Broward County Commissioners Defer Funding For Latin American And Caribbean Presidential Library
This post was updated with additional information at 5:09 p.m. Tuesday Dec. 3.
Plans to build a Latin American and Caribbean Presidential Library in Fort Lauderdale are still on hold.
Broward County Commissioners voted 5 - to - 3 to indefinitely defer funding the project at a meeting Tuesday.
The written proposal was for Broward County fund $800,000 of the capital cost for the library. Commissioners also discussed moving $1.2 million in other unused funds towards the library. Some commissioners estimated the entire project could cost anywhere from $4.6 million, to more than $5 million.
It was one of Dale Holness's first initiatives as the county's new mayor. He's been an outspoken advocate for bringing the presidential library to Broward County. A group of former heads of state, called The Latin American Presidential Mission, is behind the effort.
"I believe that what we have here is an opportunity, that unfortunately we may miss," Holness said. "I hope we don't."
However, several Commissioners expressed concerns over where the money would come from, and who would handle operating costs - including outgoing mayor, Mark Bogen:
"It's not about the idea, the idea is good," Bogen said. "I just can't see spending taxpayer dollars... People need money whether it be for homelessness, or housing, whatever it might be."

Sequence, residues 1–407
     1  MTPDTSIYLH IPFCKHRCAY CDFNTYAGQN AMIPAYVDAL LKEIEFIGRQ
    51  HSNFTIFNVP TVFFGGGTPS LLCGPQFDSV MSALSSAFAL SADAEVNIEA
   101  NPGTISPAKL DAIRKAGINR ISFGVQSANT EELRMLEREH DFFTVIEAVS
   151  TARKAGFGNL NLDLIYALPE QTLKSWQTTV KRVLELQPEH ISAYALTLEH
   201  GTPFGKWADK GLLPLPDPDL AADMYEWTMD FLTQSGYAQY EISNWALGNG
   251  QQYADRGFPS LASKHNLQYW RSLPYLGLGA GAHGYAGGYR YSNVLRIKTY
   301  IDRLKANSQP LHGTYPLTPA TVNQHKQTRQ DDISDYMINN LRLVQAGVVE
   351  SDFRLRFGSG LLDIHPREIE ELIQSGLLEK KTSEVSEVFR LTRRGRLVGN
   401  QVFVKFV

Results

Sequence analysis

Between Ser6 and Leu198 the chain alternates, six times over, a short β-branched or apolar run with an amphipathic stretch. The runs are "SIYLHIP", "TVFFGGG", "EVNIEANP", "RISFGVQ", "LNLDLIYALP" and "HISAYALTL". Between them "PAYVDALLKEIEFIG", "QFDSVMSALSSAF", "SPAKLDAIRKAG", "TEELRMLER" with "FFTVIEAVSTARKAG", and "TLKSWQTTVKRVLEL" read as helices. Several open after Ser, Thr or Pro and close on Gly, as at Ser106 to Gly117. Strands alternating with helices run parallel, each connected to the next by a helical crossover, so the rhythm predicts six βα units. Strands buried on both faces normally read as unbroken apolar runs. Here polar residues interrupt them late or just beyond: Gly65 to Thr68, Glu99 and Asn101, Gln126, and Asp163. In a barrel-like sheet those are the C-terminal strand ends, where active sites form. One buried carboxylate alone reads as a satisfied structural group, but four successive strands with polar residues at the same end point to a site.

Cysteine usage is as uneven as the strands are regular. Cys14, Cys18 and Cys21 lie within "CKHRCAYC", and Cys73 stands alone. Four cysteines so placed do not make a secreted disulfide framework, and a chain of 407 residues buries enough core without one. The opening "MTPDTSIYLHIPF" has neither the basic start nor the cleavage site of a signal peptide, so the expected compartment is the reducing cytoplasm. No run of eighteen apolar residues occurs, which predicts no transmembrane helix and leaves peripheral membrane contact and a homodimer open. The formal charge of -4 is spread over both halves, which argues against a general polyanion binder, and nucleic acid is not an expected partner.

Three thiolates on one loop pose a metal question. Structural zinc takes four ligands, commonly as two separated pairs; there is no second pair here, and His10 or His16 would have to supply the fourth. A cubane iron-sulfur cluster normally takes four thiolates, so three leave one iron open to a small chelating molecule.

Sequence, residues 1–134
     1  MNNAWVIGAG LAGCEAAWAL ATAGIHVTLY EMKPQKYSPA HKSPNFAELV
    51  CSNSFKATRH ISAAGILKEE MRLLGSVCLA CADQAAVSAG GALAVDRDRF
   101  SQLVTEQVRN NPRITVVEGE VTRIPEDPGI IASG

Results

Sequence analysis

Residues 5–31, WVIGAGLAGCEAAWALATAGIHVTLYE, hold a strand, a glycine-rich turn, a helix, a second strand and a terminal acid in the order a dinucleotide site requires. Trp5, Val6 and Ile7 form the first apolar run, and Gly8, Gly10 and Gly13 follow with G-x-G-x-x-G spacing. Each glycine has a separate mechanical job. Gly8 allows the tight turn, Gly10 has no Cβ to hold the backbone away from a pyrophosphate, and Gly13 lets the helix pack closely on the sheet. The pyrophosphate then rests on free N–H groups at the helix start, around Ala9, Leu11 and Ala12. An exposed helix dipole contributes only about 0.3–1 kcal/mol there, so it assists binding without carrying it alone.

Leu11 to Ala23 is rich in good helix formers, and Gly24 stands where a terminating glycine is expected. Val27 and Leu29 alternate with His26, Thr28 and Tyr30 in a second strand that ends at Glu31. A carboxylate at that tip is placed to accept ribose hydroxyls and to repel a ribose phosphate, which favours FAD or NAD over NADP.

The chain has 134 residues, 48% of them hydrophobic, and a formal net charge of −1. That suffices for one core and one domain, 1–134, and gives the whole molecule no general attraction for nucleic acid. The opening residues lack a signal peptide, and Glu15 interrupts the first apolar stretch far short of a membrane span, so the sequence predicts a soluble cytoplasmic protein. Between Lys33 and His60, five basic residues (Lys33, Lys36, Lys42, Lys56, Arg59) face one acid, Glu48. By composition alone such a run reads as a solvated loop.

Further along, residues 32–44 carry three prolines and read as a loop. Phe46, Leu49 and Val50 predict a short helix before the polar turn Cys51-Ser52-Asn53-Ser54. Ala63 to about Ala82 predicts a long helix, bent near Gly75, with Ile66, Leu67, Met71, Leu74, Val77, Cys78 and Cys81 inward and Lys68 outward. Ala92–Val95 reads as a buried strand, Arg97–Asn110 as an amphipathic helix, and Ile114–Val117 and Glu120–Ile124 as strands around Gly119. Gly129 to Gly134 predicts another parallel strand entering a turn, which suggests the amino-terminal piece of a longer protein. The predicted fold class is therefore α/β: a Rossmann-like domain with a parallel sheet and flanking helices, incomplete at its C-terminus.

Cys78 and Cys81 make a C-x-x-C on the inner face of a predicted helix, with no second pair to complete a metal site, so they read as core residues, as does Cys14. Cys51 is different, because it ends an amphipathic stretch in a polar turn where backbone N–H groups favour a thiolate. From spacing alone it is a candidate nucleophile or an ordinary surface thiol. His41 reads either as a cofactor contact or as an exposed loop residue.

Before the vote, the City of Lauderdale Lakes' Mayor Hazelle Rogers told the commission she supports moving forward with funding the museum.
"If you've never gone to Florida House in Washington, it makes you feel welcome when you go, that you have a home," Rogers said. "Can you just imagine what the world would feel like when Latin America and the Caribbean Prime Ministers talk about what Broward County has done, and wanting to come to our county?"
The library has been proposed to be built as part of the construction near the convention center. Commissioner Barbara Sharief, along with Commissioner Beam Furr, talked about the possibility of considering less touristy-locations.
"We want people locally to be able to use it and learn from it, not just tourists," Sharief said. "Put it in the right place so it can be properly utilized."
A couple of ideas the commission briefly tossed around included Weston, and parts of Pembroke Pines. The southwest portion of the county has higher populations of hispanic residents.
The project will come back before the county commissioners at a later date.
"I'll continue relentlessly to pursue funding from elsewhere," Mayor Holness said.